Pisgah Labs is a custom manufacturer of high purity fine chemicals for a variety of customers. When we decided to enter the Active Pharmaceutical Ingredient (API) market, we embarked on the planning and implementation process to provide a “best in class” manufacturing facility in full compliance with current good manufacturing practices (cGMP). This case history discusses our efforts to design, commission and meet both the letter and spirit of FDA regulations.
Design of a New Facility
The cGMP regulations, as they are written, apply to the manufacture of drugs in their final dose form, but the FDA applies the regulations to the manufacture of bulk APIs. In addition, they also apply these regulations to the manufacture of drug intermediates if the manufacture of an intermediate is a “critical” step. They define a critical step as one that affects part of the drug's characterization, such as its crystalline form or impurity profile.
Much of the cGMP regulations address architectural or civil engineering issues such as requirements for adequate lighting and waste water drainage. Lights and electrical fixtures must be cleanable, or else placed in recessed enclosures. All incoming raw materials must be approved and labeled by quality control (QC), which requires sufficient warehouse space to separate pre-approved raw materials (quarantined) from approved raw materials. Additional floor space is also required to allow segregation of quarantined and approved products and intermediates.
The FDA is flexible with its requirements for the protection of product from contamination, allowing different levels of protection based on the level of product exposure and whether the exposure occurs at a pre-critical or a critical stage of manufacture. For example, if an existing chemical plant is being converted to manufacture APIs, temporary plastic curtains can be placed around reactors to provide isolation during times when the reactor is open (such as during the charging of solids through the manway or transfer of solids from the centrifuge to the dryer). However, in our case, we were building a new facility rather than attempting to convert an existing one. We chose to design the highest non-aseptic level of protection available and chose the suite design to maximize control and isolation of the product.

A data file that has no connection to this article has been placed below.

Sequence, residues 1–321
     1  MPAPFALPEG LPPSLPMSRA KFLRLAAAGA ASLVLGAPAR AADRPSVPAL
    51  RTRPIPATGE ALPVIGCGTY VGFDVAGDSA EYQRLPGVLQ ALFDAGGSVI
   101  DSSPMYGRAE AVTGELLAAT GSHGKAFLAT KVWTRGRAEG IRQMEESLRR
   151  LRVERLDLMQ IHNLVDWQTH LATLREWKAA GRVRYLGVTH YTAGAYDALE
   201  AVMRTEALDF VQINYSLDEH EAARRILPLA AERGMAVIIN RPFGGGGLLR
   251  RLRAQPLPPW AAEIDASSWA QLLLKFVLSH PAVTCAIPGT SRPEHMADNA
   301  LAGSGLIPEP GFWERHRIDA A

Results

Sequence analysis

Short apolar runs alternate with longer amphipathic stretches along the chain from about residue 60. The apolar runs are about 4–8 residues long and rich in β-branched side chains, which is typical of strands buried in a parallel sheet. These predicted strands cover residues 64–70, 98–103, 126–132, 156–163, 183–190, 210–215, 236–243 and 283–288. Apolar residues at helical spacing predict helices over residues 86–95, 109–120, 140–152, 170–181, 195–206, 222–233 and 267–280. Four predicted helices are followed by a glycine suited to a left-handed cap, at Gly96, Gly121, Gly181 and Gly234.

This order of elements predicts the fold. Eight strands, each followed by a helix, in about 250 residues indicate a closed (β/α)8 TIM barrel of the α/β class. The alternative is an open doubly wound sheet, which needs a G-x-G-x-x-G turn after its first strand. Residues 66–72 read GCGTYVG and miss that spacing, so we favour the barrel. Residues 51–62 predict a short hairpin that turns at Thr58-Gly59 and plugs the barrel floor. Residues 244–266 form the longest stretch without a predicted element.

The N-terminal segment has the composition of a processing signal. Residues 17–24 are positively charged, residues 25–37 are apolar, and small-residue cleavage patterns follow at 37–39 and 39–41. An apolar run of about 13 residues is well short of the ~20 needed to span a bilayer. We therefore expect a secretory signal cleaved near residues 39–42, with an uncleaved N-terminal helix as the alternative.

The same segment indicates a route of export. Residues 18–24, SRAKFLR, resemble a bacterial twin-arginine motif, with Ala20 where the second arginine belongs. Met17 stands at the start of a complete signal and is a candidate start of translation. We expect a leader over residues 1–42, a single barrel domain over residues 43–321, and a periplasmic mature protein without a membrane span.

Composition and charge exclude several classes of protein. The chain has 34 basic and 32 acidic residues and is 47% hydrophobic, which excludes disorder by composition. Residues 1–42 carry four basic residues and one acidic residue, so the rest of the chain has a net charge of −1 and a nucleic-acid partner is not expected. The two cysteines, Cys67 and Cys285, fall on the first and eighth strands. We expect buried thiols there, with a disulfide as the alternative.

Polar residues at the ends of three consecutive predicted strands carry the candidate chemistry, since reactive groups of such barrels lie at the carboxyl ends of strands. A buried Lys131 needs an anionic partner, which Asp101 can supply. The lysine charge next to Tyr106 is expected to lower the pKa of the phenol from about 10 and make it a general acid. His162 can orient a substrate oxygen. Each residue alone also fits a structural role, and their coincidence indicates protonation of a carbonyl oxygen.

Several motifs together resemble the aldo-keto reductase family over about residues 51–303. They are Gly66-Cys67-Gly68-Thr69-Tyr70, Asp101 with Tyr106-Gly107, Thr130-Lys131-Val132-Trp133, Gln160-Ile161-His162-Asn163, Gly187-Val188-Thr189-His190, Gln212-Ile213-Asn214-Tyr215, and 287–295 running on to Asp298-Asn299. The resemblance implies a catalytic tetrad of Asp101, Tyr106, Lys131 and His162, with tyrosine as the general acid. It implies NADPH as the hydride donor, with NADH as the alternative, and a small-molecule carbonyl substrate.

Only one product is typically made in a suite at one time. Equipment rooms separate the suites (see Figure 1, p. 34 in printed version). All utilities, support equipment and electrical boxes are isolated in the equipment rooms, as much as smooth operation will permit; all wall penetrations are sealed. Filters are located on both vacuum and nitrogen lines. Each suite has a separate gowning room and materials staging room. Clean-room walls (which are epoxy coated), ceiling and floor allow vigorous cleaning with direct spray from a water hose. There is no piping or equipment above the reactor manways or dryer manway to accumulate dust and potentially contaminate the product.
A dedicated HVAC system supplies air to each suite and provides a positive pressure to the suite to minimize outside contamination. The HVAC recycles air with either 95% or high efficiency particulate air (HEPA) filtration, depending on production requirements. Because recirculation of flammable vapors could potentially create a dangerous situation, lower explosive limit (LEL) sensors are located in the HVAC return air ducts. The air handler controller will automatically switch to full exhaust if flammable vapors are detected at a concentration of 25% or more of LEL.
Although the first suite is under a positive pressure to the rest of the building, the second suite can be under either a positive or a negative pressure. A negative pressure is desirable when compounds such as radioisotopes or cytotoxic drugs are being manufactured.
USP-grade water runs in a continuous loop from the holding tank, throughout the plant, and back to the holding tank. The recirculation pipe has “drops” at each point of use, but no deadlegs (dead-end pipes at least five pipe diameters long). The water entering the loop is treated with UV sterilization and 0.2µ filtration to remove bacterial contamination. This meets the requirement that water does not introduce contaminants into the product.
As construction comes to a close, commissioning begins. Commissioning is the step in which equipment is prepared for startup. Installed piping and equipment is compared to the piping and instrumentation diagram (P&ID), utility connections are confirmed, as-built drawings are prepared, equipment is started to confirm power and motor rotation, instruments are calibrated and control loops are tuned. This is a traditional engineering activity, and it is also a cGMP requirement. However, for a pharmaceutical facility, it is called equipment qualification and the documentation requirements are more extensive than they are for traditional commissioning. As with commissioning, equipment qualification is typically performed by the engineering department with assistance from manufacturing and QA departments.